It’s a very very very fine house…

winterwhitehouse
The Winter White House Postcard

For the past few days I’ve been doing a deep dive into Palm Beach and Boca Raton architecture as a by-product of reviewing Addison Mizner: The Architect Whose Genius Defined Palm Beach” by Stephen Perkins and James Caughman.  I was drawn to the subject having spent a number of years living in Coral Gables, Coconut Grove, and lower Miami Beach, where I was surrounded by the beautiful Mediterranean and Spanish Colonial-influenced homes you can only find in South Florida…

everglades
Still open, still private, still expensive

I like architecture but am in no ways a buff, so I had not known of Addison Mizner prior to reading this extensively researched biography.  I was never a Palm Beach kinda girl but did spend considerable time in Boca, ostensibly for work but in actuality drinking margaritas poolside with an old boss whose condo did not come anywhere close to resembling any of Mizner’s Boca gems.

addison
Addison had a thing for monkeys

I was hoping for a lot of images of Palm Beach’s Ocean Boulevard homes but instead found myself engrossed in the illustrious Minzer family, which laid the foundation for the renaissance man he would become.  How can you not be fascinated by someone described as a “wit, bon viviant, bohemian, prospector, capitalist, and promoter”? What a great set of descriptors. I wish I could sit on a veranda overlooking the Atlantic at one of his majestic homes and listen to Minzer talk about his life while sharing a pitcher of mojitos (or two).

poolside
‘Villa Tranquilla’ Backyard View

From a young age Mizner collected postcards, photos, and other ephemera from his extensive travels.  He would glue these mementos into scrapbooks, creating a “trove of visual reference” which “filled twenty-five volumes that served as a personal canon of architecture, landscape, and decorative arts”.  Talk about your inspirational story-boards!

louwana
‘Louwana’ was built for a oddsmaker and his Wanamaker wife and now owned by Dr. Oz
casa1923
‘Casa del Ensuenos’ can be yours for a cool 32.5…mil

Mizner was the most famous architect of his time, building residences for the richest families in America.  Between 1919 and 1925 he designed and built “almost 40 houses in Palm Beach” with each house created to compliment the wife who would preside over it. There’s a very old-school concept, yet speaks to Minzer’s ability to match each home to its owner’s unique sensibilities.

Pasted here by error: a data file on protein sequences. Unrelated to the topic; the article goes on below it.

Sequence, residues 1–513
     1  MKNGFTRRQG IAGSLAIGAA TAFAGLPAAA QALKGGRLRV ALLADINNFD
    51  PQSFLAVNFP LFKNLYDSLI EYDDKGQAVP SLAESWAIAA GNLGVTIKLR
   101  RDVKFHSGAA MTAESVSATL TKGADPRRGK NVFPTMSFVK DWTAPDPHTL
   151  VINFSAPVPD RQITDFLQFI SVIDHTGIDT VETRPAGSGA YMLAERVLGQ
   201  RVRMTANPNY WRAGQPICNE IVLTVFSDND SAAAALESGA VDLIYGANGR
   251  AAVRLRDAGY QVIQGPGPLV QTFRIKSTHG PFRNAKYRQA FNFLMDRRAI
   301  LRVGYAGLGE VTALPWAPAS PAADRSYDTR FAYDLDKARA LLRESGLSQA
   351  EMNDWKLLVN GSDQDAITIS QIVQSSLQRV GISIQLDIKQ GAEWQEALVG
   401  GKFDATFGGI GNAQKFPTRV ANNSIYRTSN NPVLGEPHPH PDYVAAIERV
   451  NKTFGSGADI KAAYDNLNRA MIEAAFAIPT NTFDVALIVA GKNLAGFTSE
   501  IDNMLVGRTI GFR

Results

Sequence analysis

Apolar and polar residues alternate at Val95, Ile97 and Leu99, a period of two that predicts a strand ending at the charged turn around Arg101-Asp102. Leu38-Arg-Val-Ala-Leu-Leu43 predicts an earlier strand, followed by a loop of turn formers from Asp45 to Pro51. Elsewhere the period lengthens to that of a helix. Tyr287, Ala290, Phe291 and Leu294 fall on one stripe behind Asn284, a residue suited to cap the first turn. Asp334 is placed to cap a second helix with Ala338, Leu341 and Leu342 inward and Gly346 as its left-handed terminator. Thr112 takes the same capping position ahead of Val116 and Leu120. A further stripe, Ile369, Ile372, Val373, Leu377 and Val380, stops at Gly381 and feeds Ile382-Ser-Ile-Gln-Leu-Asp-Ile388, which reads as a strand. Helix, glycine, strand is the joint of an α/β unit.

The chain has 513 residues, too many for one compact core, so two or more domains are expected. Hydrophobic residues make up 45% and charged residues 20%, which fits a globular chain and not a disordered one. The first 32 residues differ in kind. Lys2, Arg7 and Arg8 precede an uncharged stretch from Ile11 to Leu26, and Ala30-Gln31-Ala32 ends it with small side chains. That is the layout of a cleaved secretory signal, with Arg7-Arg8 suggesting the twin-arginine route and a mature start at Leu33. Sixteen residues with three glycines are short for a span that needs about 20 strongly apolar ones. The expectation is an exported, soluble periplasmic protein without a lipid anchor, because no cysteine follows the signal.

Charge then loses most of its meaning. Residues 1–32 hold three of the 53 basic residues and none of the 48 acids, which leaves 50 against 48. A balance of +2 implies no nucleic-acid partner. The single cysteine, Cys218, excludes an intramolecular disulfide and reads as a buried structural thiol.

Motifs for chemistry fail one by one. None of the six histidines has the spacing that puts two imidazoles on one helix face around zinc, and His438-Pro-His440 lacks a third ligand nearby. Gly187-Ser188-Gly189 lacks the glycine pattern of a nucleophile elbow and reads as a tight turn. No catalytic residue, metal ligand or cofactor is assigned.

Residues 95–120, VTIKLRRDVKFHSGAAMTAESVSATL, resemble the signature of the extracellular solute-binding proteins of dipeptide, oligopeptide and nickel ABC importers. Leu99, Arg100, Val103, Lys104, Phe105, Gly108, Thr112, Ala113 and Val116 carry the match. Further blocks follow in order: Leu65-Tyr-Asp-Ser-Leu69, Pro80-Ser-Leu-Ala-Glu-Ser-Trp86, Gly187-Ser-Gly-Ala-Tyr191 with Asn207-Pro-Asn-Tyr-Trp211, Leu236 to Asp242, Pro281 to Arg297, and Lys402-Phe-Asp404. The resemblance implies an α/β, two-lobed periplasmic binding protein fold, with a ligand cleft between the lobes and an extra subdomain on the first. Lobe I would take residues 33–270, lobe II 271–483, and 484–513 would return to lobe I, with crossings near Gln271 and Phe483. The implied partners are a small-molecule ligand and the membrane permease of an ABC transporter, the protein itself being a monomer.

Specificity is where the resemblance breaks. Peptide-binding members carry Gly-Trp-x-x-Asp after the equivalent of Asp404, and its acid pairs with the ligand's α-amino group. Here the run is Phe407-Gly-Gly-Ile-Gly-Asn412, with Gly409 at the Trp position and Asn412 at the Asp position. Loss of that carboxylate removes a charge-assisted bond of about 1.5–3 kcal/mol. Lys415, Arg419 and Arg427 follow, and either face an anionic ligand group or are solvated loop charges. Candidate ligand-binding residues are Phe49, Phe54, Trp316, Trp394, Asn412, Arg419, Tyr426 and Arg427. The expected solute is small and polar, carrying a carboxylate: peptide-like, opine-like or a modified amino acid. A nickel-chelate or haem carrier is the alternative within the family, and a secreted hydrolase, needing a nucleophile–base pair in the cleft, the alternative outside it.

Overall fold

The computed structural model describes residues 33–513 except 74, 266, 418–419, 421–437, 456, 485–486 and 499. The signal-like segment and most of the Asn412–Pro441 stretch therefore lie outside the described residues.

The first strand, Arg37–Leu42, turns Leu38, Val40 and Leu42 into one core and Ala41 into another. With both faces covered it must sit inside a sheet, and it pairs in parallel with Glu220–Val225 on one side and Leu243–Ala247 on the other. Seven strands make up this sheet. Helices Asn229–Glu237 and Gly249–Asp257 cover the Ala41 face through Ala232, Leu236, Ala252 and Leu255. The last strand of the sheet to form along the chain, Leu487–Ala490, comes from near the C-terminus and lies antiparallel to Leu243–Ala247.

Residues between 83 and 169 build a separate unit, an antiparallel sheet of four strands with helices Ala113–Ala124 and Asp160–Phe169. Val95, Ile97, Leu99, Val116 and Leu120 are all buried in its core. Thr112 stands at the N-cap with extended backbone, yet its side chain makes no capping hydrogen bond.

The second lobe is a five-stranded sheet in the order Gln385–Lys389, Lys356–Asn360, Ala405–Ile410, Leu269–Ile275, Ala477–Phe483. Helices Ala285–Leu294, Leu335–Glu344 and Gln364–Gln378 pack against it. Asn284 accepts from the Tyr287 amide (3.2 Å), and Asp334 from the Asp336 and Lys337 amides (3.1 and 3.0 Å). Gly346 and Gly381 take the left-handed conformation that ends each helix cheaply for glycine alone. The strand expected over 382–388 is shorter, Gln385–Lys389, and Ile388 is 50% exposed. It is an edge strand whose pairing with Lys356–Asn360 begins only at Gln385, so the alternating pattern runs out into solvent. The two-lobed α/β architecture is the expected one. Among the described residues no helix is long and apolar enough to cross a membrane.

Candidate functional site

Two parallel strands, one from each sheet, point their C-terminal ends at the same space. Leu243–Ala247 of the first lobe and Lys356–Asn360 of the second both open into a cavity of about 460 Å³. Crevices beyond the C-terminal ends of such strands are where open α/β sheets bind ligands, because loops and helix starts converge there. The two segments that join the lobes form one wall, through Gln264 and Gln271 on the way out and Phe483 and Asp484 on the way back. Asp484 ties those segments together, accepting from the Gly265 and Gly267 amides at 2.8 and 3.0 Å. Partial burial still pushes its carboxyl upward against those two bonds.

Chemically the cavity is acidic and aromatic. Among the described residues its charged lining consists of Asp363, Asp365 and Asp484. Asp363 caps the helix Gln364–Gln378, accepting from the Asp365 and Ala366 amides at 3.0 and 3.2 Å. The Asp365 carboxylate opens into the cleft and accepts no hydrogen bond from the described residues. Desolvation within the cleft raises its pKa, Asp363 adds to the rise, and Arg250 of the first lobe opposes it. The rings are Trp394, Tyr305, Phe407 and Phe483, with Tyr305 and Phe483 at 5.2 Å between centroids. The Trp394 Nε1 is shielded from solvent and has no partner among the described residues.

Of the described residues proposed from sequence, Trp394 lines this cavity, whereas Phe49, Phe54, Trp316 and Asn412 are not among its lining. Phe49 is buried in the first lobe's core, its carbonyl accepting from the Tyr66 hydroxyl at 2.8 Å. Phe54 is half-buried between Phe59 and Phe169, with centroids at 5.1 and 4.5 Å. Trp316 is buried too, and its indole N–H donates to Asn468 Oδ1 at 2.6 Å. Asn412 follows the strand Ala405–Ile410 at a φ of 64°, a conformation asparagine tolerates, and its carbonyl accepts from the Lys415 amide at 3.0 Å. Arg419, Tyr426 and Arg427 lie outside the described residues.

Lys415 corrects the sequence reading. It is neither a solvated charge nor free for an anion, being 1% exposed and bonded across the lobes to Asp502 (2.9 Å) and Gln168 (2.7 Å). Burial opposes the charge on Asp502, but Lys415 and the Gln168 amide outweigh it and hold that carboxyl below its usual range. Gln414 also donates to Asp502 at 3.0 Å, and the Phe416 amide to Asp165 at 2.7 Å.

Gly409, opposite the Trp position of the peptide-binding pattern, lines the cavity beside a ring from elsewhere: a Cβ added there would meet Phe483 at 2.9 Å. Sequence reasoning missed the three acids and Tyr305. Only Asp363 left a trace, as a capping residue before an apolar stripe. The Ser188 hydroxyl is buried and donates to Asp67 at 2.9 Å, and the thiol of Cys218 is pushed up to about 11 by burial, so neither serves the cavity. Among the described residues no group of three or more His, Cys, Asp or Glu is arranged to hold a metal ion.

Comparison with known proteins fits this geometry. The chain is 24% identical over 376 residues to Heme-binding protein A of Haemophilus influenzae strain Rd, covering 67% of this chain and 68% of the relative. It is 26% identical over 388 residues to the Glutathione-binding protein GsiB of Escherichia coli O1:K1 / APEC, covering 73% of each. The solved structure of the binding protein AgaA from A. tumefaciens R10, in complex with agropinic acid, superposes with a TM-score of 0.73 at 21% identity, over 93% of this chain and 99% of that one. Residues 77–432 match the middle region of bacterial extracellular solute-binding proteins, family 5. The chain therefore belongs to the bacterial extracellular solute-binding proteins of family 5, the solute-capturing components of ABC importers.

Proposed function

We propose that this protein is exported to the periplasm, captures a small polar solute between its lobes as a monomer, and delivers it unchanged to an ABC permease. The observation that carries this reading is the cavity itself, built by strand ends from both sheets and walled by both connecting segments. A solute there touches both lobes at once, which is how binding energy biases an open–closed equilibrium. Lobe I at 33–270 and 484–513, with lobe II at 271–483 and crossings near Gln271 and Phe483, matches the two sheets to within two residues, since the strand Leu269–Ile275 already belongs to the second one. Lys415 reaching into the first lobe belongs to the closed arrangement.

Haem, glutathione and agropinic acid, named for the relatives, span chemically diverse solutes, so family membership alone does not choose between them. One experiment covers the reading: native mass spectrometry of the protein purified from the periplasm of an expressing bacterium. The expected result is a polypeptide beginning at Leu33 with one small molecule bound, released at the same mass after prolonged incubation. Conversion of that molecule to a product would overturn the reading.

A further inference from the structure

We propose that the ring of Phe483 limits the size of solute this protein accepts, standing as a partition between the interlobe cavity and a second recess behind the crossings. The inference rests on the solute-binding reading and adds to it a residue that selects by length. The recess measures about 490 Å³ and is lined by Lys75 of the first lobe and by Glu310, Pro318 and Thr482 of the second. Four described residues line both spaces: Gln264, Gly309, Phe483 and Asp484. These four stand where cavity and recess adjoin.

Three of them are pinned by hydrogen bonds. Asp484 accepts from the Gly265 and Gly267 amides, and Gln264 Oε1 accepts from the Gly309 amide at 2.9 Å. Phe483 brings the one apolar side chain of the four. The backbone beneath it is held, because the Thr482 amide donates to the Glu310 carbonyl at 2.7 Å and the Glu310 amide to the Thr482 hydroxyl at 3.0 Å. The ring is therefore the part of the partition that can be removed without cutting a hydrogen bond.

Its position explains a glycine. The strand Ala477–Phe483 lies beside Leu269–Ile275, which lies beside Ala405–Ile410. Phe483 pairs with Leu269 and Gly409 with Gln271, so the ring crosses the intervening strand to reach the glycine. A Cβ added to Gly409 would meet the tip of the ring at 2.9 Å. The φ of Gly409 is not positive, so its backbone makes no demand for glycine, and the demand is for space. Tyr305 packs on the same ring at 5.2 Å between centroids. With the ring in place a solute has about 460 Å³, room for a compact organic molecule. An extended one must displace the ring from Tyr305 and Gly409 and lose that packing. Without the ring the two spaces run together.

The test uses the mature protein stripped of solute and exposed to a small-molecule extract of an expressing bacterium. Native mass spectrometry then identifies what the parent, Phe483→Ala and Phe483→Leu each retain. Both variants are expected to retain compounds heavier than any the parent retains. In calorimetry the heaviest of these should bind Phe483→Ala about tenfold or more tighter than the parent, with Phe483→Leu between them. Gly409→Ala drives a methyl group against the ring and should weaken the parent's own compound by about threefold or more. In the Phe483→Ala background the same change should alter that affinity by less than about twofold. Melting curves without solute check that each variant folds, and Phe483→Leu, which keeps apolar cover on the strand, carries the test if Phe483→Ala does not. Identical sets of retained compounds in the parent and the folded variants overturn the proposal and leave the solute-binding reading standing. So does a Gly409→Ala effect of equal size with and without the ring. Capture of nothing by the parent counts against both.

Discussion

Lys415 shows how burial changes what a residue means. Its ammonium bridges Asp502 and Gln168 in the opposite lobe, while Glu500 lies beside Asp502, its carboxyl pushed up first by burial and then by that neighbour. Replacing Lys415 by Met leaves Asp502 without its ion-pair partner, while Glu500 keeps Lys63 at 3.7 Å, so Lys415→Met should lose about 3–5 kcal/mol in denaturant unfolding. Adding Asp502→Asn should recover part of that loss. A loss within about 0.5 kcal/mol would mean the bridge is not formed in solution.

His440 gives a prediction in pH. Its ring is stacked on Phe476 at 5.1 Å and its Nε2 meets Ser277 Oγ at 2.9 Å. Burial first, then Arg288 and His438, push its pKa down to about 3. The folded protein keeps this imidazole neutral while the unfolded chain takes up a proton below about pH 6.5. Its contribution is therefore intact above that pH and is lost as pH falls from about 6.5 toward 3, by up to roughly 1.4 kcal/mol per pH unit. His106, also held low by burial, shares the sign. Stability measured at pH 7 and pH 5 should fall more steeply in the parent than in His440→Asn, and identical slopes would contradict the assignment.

Nickolas Sargent
2 Via Mizner (aka: Mizner’s Pam Beach office)

Mizner’s dream was to design an entire community of his own, based on urban design studies of European cities and Chicago during the World’s Columbian Exposition.  This led him to form the Mizner Development Corporation along with a group of prominent investors.  Prime ocean front real estate was purchased, millions of dollars in pre-sales were noted, and numerous public and private buildings were ready to be built when the development of  Boca Raton began in earnest in 1925.  The project “would exercise an inexorable force that pulled the architect down to a level of disgrace and financial ruin that he never fathomed possible”.  A year later, the corporation was bankrupt and Mizner was forced to borrow $500,000 to remain afloat.  Unfortunately, Mizner never recovered from this ‘colossal failure’, was unable to settle the majority of his debt, and succumbed to a heart attack a few years later with $2500 to his name.

ad
1926 Newspaper Ad courtesy of the Boca Raton Historical Society & Museum 
inside
Daniel Newcomb’s photo of the lovingly restored Casita De La Playa

Mizner’s homes remain the elegantly beautiful playthings of the modern day rich and famous, standing as a testament to his ability to blend design and setting for maximum architectural effect.  As for my review of Addison Mizner: The Architect Whose Genius Defined Palm Beach, since reading the book inspired a week-long dive into the Palm Beach and Boca Raton Historical Societies and related archival collections, I am giving the book the ultimate rating.  4 out of 4 houses – the architectural equivalent of a must read!

*Our House – Crosby, Stills, Nash & Young

 

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